Diagnosing aspiration pneumonia in dogs involves several diagnostic steps:

  • Dogs presenting with aspiration pneumonia may be in shock, necessitating immediate and aggressive stabilization.
  • In cases where respiratory distress is absent, veterinarians may order bloodwork to identify potential infections. X-rays are also commonly requested to detect a bronchoalveolar pattern in the gravity-dependent lung lobes.
  • If respiratory distress is evident, veterinarians conduct an oral examination to check for visible obstructions in the mouth and throat. In instances where a significant obstruction is suspected, a bronchoscopy may be performed. Arterial blood gas tests are often conducted to monitor oxygen levels in emergency settings.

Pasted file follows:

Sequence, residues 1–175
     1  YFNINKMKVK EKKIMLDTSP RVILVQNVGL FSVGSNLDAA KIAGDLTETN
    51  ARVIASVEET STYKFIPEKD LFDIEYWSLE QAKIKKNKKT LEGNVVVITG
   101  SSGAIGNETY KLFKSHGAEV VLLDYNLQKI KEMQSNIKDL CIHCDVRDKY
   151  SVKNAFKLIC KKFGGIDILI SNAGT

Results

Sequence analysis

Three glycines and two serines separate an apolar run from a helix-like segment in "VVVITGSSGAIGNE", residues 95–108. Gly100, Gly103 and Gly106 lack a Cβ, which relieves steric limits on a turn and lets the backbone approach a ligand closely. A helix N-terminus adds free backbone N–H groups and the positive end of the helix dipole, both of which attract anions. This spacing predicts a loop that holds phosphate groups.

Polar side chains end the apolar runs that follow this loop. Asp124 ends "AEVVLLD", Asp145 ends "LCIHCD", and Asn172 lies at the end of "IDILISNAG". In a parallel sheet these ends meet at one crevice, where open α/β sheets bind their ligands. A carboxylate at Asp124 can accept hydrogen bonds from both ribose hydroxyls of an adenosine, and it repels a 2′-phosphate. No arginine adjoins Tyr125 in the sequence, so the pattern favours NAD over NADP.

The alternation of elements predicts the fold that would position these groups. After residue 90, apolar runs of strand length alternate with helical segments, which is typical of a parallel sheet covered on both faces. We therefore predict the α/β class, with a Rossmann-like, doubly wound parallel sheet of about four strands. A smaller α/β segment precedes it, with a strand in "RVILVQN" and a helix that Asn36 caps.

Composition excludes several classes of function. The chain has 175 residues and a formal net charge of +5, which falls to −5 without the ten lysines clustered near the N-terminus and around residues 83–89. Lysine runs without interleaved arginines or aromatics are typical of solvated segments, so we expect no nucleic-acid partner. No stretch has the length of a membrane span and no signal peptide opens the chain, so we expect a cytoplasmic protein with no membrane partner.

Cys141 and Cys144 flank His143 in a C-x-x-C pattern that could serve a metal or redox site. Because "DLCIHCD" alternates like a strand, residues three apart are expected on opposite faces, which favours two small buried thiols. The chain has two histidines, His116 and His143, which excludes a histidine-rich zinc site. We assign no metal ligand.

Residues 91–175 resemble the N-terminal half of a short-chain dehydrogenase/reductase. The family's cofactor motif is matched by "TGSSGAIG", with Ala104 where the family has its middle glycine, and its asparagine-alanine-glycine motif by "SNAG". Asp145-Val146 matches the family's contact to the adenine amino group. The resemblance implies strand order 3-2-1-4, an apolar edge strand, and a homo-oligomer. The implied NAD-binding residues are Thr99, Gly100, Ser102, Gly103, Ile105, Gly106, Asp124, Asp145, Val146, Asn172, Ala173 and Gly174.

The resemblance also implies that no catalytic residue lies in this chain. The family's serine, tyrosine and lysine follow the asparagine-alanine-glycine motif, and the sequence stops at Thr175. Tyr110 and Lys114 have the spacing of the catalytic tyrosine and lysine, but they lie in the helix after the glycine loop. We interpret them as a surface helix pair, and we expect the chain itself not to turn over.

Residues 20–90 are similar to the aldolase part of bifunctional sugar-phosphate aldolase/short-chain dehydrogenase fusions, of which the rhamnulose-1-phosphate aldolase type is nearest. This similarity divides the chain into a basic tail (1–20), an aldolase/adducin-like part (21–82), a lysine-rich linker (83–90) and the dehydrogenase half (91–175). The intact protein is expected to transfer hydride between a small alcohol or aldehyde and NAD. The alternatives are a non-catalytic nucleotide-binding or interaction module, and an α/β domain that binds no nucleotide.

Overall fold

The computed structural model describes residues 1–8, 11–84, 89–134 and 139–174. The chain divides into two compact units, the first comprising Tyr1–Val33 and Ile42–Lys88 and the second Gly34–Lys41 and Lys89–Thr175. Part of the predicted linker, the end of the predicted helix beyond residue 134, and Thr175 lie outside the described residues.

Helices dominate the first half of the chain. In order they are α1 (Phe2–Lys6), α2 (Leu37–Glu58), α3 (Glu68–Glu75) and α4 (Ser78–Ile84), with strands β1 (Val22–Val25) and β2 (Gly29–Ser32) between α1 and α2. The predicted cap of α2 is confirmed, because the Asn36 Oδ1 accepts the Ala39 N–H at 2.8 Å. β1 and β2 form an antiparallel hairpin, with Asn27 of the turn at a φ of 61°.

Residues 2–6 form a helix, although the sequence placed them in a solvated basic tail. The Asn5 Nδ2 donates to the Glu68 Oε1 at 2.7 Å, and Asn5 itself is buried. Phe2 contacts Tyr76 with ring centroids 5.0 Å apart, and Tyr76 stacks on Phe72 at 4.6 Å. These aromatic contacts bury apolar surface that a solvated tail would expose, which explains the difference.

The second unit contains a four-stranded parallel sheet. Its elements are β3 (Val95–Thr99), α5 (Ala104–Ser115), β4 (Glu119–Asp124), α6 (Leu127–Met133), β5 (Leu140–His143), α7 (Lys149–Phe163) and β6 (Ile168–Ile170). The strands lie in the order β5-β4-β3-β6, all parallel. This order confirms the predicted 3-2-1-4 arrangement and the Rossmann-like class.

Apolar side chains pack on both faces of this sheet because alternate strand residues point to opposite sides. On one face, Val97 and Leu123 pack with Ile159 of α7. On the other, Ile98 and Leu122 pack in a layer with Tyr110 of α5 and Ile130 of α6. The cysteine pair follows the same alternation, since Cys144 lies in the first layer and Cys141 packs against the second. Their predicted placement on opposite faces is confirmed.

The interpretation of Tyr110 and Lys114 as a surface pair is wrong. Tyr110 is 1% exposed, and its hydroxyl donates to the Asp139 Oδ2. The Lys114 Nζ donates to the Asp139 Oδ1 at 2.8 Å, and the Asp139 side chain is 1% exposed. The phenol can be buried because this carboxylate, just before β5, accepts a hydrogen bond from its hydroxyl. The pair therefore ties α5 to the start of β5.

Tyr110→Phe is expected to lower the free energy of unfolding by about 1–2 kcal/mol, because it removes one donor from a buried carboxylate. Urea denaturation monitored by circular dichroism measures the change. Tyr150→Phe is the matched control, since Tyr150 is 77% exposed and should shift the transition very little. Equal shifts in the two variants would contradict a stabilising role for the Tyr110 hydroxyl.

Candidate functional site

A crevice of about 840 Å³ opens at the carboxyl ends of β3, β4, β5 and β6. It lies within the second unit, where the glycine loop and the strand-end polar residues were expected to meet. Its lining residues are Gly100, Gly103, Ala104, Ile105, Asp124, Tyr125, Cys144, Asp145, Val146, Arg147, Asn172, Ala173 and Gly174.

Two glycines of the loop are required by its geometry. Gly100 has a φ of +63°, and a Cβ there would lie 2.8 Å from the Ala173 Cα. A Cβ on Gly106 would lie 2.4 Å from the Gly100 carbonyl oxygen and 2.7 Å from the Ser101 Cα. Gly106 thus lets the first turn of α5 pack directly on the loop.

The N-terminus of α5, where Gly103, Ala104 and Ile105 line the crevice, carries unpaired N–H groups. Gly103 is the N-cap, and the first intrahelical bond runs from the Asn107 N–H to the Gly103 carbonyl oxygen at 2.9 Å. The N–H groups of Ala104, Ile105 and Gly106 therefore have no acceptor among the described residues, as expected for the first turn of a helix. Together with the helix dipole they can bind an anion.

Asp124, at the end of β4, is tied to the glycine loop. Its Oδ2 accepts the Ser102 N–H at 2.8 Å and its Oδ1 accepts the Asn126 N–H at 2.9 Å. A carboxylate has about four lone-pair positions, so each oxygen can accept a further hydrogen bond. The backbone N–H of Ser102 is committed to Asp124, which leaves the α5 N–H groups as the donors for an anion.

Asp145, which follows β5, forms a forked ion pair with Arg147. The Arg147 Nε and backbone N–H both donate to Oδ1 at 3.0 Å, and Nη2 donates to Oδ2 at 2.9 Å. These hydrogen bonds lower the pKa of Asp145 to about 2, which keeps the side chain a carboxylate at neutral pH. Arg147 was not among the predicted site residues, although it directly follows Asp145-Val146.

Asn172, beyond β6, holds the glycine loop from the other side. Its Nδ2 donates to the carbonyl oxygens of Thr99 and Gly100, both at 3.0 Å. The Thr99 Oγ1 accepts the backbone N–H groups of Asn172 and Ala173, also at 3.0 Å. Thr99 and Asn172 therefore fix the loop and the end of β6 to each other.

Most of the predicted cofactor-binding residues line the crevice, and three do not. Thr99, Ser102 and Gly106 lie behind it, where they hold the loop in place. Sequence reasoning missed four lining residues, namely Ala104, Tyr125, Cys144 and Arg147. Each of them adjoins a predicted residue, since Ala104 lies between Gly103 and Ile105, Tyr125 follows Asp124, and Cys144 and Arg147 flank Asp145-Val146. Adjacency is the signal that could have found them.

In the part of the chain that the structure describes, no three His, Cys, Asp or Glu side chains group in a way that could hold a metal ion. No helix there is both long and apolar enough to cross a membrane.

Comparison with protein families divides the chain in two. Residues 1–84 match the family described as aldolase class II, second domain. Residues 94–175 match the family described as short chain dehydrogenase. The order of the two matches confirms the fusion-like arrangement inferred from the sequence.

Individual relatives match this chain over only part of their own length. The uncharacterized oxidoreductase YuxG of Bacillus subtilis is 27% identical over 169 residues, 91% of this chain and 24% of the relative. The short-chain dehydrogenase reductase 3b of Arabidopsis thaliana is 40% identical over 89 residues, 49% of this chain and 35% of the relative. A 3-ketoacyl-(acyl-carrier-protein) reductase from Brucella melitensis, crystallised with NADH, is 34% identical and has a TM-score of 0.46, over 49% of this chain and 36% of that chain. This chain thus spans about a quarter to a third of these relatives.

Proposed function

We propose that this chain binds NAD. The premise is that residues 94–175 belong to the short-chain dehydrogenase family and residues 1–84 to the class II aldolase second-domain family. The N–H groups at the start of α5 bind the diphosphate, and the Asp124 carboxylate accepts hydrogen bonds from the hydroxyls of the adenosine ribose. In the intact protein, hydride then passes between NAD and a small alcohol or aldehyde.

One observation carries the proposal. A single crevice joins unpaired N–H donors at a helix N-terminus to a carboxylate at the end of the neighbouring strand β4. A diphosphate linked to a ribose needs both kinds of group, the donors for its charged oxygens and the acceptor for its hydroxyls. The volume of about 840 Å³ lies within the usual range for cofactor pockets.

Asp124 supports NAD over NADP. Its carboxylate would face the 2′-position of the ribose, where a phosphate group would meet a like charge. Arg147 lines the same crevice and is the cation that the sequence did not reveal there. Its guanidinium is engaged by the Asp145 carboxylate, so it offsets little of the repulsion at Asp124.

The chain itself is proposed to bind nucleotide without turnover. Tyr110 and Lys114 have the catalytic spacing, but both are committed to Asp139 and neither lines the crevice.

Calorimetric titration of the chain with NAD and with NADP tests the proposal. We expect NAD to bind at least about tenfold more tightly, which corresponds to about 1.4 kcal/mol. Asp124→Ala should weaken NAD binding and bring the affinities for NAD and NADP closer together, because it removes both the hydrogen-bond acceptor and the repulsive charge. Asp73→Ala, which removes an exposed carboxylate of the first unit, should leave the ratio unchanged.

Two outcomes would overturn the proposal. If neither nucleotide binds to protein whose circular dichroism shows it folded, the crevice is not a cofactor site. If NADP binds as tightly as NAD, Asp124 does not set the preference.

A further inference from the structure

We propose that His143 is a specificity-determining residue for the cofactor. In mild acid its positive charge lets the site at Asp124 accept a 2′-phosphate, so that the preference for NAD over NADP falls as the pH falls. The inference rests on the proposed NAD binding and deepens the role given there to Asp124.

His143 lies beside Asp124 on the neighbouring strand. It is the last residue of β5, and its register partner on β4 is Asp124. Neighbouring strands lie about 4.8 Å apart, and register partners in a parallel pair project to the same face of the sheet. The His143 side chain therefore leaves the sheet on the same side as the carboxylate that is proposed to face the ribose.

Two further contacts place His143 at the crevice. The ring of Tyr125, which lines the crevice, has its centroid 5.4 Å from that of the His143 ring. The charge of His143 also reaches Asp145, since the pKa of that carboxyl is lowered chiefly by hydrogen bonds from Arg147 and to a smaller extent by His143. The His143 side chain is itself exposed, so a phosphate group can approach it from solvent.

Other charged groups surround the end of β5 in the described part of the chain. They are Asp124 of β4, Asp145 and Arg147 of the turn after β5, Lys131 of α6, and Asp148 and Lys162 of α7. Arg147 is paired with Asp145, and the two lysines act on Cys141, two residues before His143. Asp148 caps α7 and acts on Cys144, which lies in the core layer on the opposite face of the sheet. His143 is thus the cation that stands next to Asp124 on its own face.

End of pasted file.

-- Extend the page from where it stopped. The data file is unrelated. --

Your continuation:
• To confirm the diagnosis of aspiration pneumonia, veterinarians may perform a tracheal or bronchoalveolar wash to collect cellular samples from the trachea or lungs.
  • Additionally, various medical conditions can predispose dogs to aspiration pneumonia, each requiring specific diagnostic tests:
    • Thyroid tests aid in diagnosing hypothyroidism.
    • Adrenal function tests help diagnose hypoadrenocorticism (Addison’s Disease) and polyneuropathy.
    • Antiacetylcholine antibodies tests assist in diagnosing myasthenia gravis.
    • Antinuclear antibodies tests aid in diagnosing systemic lupus erythematosus.
    • Fluoroscopy imaging with contrast is utilized to diagnose swallowing disorders, such as dysphagia.